gbsteve (gbsteve) wrote,

Is this why you play D&D?

Overjustification Effect

This occurs where I attribute my behavior more to a conspicuous extrinsic motivator than to intrinsic reasons. This effect is less when rewards are given for performance success rather than simply completing tasks, but can still be significant.

Greene, Sternberg and Lepper (1976) played mathematical games with schoolchildren, which the children seemed to enjoy. After a while, they started giving rewards for success. When they took away the rewards, the children quickly gave up playing the games. [Also those children who were not rewarded gave up the game less quickly].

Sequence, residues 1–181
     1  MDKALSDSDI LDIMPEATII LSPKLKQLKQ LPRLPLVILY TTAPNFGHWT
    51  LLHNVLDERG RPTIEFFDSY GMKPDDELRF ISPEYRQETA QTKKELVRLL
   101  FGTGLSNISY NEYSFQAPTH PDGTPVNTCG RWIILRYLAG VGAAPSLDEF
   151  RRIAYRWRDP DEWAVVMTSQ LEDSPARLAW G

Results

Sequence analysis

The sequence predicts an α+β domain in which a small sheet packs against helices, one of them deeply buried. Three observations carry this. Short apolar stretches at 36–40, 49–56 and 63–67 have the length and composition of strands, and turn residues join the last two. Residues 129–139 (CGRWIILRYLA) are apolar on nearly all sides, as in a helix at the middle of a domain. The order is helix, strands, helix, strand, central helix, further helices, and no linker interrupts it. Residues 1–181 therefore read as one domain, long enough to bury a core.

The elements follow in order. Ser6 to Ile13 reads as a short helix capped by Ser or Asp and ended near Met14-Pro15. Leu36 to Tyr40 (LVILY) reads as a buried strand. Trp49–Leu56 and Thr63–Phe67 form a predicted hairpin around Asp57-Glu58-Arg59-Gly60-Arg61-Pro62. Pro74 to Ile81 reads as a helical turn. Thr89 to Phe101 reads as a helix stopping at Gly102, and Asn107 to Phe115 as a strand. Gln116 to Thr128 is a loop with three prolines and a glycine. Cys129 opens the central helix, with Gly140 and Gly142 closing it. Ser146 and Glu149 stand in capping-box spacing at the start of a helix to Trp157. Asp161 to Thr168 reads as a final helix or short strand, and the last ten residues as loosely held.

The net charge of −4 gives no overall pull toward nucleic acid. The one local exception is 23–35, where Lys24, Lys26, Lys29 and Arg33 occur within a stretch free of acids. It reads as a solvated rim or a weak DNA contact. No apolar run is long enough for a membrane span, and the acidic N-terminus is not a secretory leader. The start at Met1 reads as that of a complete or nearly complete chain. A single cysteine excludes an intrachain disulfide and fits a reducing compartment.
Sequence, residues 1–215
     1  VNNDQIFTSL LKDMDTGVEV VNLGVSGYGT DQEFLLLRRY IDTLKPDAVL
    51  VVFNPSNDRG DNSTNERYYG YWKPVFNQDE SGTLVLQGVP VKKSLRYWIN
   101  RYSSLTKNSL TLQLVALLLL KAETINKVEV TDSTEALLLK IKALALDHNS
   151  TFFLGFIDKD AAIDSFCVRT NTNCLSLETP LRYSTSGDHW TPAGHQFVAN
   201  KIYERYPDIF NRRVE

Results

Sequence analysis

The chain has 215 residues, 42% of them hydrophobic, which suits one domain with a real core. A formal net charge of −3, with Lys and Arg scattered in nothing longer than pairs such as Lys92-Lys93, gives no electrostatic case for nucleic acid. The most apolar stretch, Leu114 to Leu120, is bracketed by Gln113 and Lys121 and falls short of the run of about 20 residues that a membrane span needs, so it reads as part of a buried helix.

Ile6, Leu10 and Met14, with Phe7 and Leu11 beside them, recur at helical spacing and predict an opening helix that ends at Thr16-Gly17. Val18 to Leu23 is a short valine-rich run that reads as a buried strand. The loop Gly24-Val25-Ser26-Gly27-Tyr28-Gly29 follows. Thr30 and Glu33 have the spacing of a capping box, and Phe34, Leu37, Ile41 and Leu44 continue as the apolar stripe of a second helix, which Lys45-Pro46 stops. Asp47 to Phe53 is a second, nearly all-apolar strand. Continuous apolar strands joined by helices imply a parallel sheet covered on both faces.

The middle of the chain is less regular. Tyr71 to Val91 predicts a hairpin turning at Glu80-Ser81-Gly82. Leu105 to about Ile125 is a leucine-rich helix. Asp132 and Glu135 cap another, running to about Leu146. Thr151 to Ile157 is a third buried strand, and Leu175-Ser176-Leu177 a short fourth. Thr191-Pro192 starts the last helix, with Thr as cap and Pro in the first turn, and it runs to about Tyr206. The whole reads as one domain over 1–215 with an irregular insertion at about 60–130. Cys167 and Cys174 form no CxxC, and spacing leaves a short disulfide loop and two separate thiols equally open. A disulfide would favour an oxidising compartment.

The explanation was that the children had decided that they were playing for the reward, not for the fun.

I play a roleplaying game which does not lead to particularly good play sessions. I do it only because I have been trapped into collecting experience points.

Perhaps this is why I don't play much d20 if I can help it.

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